Conceptualizing Personhood for Sustainability: a Buddhist Virtue Ethics Perspective

Becker, C.U.; Hamblin, J. Conceptualizing Personhood for Sustainability: A Buddhist Virtue Ethics Perspective. Sustainability 2021, 13, 9166. https://doi.org/10.3390/su13169166

13 Pages Posted: 7 May 2020 Last revised: 17 Aug 2021

See all articles by Christian U Becker

Christian U Becker

Colorado State University

Jack Hamblin

University of Denver

Date Written: August 16, 2021

Abstract

This conceptual paper addresses the role the individual plays in sustainability against the backdrop of the ethical dimensions of sustainability. We discuss the relevance of moral personhood as a basis for sustainability and develop a model of personhood for sustainability. The paper outlines the ethical dimensions of sustainability and discusses the role of individual morality for sustainability from a virtue ethics perspective. We employ a Buddhist virtue ethical approach for conceptualizing a model of the sustainable person that is characterized by sustainability virtues, interdependent personhood, and an inherent concern for the wellbeing of others, nature, and future beings. In contrast to many Western-based conceptions of the individual actor, our model of sustainable personhood conceptualizes and explains a coherent and inherent individual motivation for sustainability. The paper contributes to the methodological question of how to best consider the individual in sustainability research and sustainability approaches and suggests a conceptual basis for integrating individual, institutional, and systemic aspects of sustainability.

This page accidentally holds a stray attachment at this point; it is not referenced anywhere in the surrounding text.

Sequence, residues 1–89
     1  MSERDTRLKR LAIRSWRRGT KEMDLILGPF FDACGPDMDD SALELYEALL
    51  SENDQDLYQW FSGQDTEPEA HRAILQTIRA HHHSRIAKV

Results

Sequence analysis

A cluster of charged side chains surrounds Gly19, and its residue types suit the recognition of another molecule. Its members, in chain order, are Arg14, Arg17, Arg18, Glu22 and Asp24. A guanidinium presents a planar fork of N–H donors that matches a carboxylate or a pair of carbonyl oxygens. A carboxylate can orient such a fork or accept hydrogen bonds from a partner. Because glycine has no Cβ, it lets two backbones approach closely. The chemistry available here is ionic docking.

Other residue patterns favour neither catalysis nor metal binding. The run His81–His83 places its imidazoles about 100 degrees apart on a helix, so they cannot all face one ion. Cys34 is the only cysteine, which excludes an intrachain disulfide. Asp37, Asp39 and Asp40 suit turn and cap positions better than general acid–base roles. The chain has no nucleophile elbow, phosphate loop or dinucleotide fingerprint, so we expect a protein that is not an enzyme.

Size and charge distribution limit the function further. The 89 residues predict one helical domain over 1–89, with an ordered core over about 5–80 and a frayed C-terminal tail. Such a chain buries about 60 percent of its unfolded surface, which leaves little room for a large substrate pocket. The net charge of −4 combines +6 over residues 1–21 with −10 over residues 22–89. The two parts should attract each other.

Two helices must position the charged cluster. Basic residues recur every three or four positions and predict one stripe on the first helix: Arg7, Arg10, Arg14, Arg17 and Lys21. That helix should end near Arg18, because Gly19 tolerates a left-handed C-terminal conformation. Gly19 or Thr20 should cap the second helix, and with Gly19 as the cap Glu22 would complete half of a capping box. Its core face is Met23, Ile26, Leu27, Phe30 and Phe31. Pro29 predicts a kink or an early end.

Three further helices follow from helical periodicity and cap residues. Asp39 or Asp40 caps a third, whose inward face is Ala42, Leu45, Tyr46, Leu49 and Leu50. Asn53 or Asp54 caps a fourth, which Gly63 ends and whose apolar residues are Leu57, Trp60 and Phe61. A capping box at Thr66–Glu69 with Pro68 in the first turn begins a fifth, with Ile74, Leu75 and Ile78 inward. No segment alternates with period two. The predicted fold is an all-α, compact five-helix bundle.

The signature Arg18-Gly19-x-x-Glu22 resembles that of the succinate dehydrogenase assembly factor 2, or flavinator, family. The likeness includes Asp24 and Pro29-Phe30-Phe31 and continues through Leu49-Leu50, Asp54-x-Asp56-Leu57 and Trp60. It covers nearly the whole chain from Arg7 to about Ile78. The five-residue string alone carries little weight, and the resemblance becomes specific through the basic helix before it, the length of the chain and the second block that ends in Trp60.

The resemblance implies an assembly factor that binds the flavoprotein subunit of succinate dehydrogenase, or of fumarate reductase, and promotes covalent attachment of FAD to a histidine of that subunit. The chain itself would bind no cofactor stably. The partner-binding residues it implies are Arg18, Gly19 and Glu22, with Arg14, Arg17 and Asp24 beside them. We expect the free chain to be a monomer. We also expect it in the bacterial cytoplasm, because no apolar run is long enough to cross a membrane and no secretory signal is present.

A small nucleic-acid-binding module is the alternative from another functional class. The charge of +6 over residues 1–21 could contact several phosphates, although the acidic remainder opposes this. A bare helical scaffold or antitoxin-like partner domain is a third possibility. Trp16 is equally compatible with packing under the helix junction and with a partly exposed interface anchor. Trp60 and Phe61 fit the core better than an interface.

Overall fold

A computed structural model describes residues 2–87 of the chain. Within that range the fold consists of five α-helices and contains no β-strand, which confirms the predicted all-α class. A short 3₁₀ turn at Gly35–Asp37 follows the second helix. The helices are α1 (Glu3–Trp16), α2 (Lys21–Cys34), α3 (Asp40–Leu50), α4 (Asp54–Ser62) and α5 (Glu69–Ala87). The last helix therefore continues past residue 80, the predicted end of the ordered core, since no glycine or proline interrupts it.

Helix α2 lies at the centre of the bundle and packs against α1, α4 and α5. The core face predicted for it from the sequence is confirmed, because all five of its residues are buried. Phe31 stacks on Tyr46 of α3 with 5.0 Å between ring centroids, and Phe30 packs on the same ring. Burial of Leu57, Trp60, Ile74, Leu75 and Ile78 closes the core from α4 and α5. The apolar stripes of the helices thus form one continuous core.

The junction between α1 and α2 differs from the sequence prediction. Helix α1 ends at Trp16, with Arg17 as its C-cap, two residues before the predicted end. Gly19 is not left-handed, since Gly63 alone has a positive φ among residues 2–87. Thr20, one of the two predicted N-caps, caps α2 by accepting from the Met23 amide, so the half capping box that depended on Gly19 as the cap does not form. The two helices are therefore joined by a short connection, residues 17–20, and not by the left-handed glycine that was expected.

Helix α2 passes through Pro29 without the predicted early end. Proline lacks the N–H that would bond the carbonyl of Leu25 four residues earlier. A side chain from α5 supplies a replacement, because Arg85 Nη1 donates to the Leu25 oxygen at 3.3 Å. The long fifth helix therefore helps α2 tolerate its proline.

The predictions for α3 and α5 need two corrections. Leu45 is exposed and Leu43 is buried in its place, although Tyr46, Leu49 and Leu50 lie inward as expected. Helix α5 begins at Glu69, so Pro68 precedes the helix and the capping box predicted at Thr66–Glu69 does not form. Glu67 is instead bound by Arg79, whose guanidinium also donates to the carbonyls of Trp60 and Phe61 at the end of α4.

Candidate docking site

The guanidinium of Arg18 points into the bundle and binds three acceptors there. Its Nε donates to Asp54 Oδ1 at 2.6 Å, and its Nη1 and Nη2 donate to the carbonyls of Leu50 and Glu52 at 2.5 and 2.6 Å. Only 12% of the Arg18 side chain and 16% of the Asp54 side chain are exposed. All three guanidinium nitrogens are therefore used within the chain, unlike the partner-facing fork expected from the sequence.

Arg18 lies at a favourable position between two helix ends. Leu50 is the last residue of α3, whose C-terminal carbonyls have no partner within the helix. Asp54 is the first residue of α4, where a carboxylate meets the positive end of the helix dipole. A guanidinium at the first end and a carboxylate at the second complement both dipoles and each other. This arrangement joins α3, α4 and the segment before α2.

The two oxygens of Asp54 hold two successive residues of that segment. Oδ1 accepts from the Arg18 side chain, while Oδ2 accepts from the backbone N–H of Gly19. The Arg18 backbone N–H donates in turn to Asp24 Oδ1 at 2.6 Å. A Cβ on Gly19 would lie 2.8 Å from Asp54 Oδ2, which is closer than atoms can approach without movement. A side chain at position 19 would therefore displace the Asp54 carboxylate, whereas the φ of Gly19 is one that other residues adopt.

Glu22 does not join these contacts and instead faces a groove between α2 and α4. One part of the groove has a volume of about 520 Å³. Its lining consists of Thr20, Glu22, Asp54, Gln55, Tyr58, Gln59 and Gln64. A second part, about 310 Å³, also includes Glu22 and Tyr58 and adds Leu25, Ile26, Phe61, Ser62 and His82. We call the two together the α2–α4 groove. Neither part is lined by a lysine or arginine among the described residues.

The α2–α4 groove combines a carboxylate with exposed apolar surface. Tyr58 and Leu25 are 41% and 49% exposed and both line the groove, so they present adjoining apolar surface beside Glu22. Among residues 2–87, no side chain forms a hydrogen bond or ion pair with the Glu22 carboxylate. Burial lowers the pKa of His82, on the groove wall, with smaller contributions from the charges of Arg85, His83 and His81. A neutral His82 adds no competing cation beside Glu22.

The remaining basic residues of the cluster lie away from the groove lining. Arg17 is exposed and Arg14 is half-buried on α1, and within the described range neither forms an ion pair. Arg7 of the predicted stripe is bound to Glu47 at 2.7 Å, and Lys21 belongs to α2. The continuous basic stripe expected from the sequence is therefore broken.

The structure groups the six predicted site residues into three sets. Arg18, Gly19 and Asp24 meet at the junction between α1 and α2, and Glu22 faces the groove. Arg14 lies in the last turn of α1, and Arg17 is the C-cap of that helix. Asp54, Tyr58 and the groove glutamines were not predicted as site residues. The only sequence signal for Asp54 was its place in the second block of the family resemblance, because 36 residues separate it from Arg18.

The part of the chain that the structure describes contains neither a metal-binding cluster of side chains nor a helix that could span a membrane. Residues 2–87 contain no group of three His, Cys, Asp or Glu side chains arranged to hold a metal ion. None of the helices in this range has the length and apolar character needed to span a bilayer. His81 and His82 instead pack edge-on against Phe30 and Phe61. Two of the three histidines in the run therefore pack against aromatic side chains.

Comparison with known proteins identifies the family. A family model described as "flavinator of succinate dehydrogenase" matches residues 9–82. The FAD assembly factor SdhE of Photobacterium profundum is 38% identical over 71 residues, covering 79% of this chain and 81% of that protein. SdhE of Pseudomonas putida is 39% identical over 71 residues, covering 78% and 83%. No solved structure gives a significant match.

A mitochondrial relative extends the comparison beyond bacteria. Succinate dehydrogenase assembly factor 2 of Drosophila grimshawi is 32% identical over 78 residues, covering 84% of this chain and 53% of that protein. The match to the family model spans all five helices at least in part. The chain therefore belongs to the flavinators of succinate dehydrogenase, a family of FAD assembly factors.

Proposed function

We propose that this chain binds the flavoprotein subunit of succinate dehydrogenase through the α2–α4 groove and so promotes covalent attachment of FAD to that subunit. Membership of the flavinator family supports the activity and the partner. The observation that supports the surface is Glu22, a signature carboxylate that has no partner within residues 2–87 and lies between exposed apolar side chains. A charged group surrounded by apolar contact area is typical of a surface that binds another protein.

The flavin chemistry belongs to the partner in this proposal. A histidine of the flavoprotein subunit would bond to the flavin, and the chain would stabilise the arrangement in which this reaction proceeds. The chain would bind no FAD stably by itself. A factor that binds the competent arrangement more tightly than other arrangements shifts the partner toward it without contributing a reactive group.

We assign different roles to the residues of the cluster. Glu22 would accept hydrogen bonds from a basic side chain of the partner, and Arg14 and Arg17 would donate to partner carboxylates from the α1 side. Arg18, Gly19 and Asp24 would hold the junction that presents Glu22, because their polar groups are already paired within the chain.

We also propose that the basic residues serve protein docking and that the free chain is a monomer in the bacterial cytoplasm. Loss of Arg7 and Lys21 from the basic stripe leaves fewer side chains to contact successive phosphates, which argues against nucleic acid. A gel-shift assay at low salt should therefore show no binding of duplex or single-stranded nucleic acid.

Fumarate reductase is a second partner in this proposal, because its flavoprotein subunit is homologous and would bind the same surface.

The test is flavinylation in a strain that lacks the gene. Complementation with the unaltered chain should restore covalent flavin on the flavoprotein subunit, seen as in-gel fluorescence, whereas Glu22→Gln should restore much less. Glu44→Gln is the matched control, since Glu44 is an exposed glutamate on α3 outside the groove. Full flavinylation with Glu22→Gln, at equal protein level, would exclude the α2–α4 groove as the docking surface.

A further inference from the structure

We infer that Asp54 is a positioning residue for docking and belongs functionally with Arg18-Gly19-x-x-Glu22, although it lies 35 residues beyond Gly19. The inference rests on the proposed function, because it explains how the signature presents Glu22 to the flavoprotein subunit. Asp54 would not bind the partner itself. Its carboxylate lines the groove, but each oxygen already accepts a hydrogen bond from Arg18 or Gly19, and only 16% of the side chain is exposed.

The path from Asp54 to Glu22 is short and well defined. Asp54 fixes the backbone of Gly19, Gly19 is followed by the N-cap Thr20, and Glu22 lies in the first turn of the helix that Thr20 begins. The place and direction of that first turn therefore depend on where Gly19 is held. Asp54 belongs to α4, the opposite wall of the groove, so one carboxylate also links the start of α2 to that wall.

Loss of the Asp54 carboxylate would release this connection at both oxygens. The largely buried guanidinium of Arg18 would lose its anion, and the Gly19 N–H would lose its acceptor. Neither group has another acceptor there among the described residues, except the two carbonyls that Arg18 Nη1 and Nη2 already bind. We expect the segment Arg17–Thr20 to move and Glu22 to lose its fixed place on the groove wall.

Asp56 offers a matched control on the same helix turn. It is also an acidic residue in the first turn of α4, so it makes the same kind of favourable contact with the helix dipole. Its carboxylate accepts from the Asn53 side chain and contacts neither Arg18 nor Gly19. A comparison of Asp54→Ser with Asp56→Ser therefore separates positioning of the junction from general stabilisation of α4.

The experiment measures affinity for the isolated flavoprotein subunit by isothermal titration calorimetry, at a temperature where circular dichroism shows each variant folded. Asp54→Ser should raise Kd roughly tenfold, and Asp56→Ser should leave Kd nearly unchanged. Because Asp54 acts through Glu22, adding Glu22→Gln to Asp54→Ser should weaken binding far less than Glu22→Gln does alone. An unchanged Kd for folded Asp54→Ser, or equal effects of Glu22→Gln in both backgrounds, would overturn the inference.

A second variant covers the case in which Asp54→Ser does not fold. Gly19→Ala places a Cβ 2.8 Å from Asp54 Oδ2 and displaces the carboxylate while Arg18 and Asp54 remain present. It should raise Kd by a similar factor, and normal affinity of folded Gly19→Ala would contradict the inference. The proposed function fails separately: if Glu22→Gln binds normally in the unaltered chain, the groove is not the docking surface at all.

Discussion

Keywords: Buddhism, individual actor, methodology, moral personhood, sustainability ethics, sustainability research, virtue ethics

Suggested Citation

Becker, Christian U. and Hamblin, Jack, Conceptualizing Personhood for Sustainability: a Buddhist Virtue Ethics Perspective (August 16, 2021). Becker, C.U.; Hamblin, J. Conceptualizing Personhood for Sustainability: A Buddhist Virtue Ethics Perspective. Sustainability 2021, 13, 9166. https://doi.org/10.3390/su13169166, Available at SSRN: https://ssrn.com/abstract=3577354 or http://dx.doi.org/10.2139/ssrn.3577354

Christian U. Becker (Contact Author)

Colorado State University ( email )

College of Business
Fort Collins, CO 80526
United States

Jack Hamblin

University of Denver ( email )

2255 E Evans Ave
Denver, CO 80210
United States

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